Appressorium formation by the rice blast fungus Magnaporthe oryzae
Appressorium formation by the rice blast fungus Magnaporthe oryzae. Credit: Galhano and Talbot, 2011. The biology of blast: Understanding how Magnaporthe oryzae invades rice plants.

CWMA Brazilian Peppertree Workday

Come join the Texas Gulf Region Cooperative Weed Management Area (CWMA) for an all-hands meeting and workday to help remove Brazilian peppertrees from Port Aransas, TX.

February 24, 2022- 9am to 12pm. Meeting place TBA

The CWMA is also looking for volunteers to help with outreach during the 2022 Whooping Crane Festival, February 25-27th, where they will have a booth.

For more information, contact Christina Marconi.

CWMA logo

National Invasive Species Awareness Week

Participate in the largest invasive species awareness effort! National Invasive Species Awareness Week is right around the corner. This event is so full of great opportunities and advice, we are celebrating twice! Go to NISAW website for more information.

NISAW 2022 Part I: February 28 - March 4, 2022– Information and Advocacy

Watch Webinar Recordings: March 1-4, 2022

• Invasive Species Management Priorities and Opportunities for the Biden-Harris Administration and Members of the 117th Congress
• U.S. Federal Agency Updates
• Aquatic Nuisance Species Priorities for Prevention and Management
• Science, Policy, and Solutions for Invasive Species
• Show Me the Money!

NISAW 2021 Part II – Outreach and Education

Watch Webinar Recordings: May 15-22, 2022

• The Climate Crisis and Invasive Species
• Biological Threat Surveillance Tools (US Geological Survey Special Event)
• The Model Legislative Framework for State Aquatic Nuisance Species (ANS) Programs and Resource Toolkit for Local Governments
• The Regulatory Process for Classical Weed Biological Control Aquatic Plant Management Priorities
• A Comparison of State Noxious Weed Lists and The Western Weed Action Plan


North American Invasive Species Management Association Training Webinars

This program is designed to provide the education needed for professionals and students who are managing or learning to manage invasive species. The courses include the most current invasive species identification, control and management techniques, and how to comply with local and federal regulations.

Participants may register and enroll at any time, and will receive a certificate of invasive species management from NAISMA upon completion of the program.

All live webinars are open to the public. Recorded webinars are available to members of NAISMA.

NAISMA 2020 Webinar Schedule:

  • January 19, 1pm- History and effectiveness of injurious wildlife listing under the “Lacey Act”. REGISTER.
  • February 16, 1pm- The Power of Ethical Framing. REGISTER.


United States Register of Introduced and Invasive Species

The United States Register of Introduced and Invasive Species (US-RIIS) is comprised of three lists, one each for Alaska (AK, with 532 records), Hawaii (HI, with 6,075 records), and the conterminous United States (L48, with 8,657 records). Each list includes introduced (non-native), established (reproducing) taxa that: are, or may become invasive (harmful) in the locality, are not known to be harmful there, and/or have been used for biological control in the locality.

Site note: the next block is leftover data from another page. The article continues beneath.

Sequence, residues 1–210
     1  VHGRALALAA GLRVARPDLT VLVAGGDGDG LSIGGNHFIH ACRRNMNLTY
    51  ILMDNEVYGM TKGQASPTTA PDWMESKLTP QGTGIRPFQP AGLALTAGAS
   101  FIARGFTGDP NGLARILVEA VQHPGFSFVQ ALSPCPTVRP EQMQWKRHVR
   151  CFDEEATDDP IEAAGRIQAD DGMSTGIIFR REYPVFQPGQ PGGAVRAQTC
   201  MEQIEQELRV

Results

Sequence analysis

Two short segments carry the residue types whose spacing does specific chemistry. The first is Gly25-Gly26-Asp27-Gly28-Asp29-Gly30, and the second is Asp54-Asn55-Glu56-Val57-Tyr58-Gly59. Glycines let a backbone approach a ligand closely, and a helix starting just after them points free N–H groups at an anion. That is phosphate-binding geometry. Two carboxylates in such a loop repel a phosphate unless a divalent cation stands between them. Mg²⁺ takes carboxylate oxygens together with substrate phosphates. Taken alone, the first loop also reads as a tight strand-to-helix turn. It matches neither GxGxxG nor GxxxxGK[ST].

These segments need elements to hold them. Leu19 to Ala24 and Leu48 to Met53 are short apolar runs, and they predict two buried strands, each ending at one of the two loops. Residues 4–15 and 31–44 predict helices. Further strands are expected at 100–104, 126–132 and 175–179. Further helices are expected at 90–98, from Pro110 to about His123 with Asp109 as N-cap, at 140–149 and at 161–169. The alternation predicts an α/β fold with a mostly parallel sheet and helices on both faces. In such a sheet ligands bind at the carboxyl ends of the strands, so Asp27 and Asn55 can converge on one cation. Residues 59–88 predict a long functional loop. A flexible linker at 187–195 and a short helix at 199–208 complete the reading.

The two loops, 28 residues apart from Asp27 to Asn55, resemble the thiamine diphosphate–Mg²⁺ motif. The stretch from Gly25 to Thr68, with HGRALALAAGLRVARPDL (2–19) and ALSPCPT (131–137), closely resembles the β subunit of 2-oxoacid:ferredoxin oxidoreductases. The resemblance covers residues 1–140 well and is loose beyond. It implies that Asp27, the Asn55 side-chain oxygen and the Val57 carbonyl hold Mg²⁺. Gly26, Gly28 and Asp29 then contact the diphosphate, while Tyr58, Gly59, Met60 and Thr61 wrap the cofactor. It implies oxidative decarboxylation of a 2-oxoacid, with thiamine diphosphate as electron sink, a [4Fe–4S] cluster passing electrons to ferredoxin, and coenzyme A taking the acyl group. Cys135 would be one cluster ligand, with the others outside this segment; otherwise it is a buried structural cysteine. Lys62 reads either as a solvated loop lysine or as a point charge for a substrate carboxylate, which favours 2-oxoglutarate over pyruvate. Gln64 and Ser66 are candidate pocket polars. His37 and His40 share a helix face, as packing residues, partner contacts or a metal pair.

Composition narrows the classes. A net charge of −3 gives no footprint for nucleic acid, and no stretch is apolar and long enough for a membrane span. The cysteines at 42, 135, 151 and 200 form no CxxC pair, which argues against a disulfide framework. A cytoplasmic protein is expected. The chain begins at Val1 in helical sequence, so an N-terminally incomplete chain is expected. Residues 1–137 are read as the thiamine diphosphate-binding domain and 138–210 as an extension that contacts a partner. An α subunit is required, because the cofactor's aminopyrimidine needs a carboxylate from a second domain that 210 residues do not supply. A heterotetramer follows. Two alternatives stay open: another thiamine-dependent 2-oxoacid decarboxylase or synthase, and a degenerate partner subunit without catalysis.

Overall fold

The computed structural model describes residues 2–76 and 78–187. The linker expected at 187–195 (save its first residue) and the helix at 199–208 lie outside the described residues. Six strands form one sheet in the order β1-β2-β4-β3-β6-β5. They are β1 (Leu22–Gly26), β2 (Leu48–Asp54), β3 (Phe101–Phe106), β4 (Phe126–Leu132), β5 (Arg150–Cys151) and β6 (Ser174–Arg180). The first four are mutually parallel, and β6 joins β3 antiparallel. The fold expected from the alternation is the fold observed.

Each record has information on taxonomy, dates of introduction (where available; currently for 38%), invasion status (invasive or introduced), and citations for the authoritative sources from which this information is drawn. The US-RIIS builds on a previous dataset, A Comprehensive List of Non-Native Species Established in Three Major Regions of the U.S.: Version 3.0 (Simpson et al., 2020,

There are 15,264 records in the master list and 12,981 unique scientific names. The list is derived from 5,951 authoritative sources, was reviewed by or based on input from 30 invasive species scientists, and continues to be updated. Publication of version 2.0 of the US-RIIS is anticipated (but not guaranteed) in approximately 12 months.

Click HERE to see US-RIIS version 3.0.


Invasive Spotlight:

Armored Catfish
(Hypostomus Plecostomus and Pterygoplichthys spp.)

Armored Catfish (Family: Loricariidae) are also commonly referred to as plecos, algae-eaters, and suckermouth catfish. They are predominantly algae eaters with a noticeable sucker located ventrally on the head. Loricariids are mostly nocturnal and can range in size from 3 inches to over 3 feet. Their flattened ventral surface allows the fish to use their suckers on most substrates. The adipose fin has a spine, and the pectoral fins have thick toothed spines that are used for locomotion and male-male competition. Hypostomus plecostomus (Common Pleco) and Pterygoplichthys anisitsi (Paraná Sailfin Catfish) are Loricariids that are well established in Texas. They are often confused with one another because the black-lined patterns can vary significantly in both species and can resemble one another.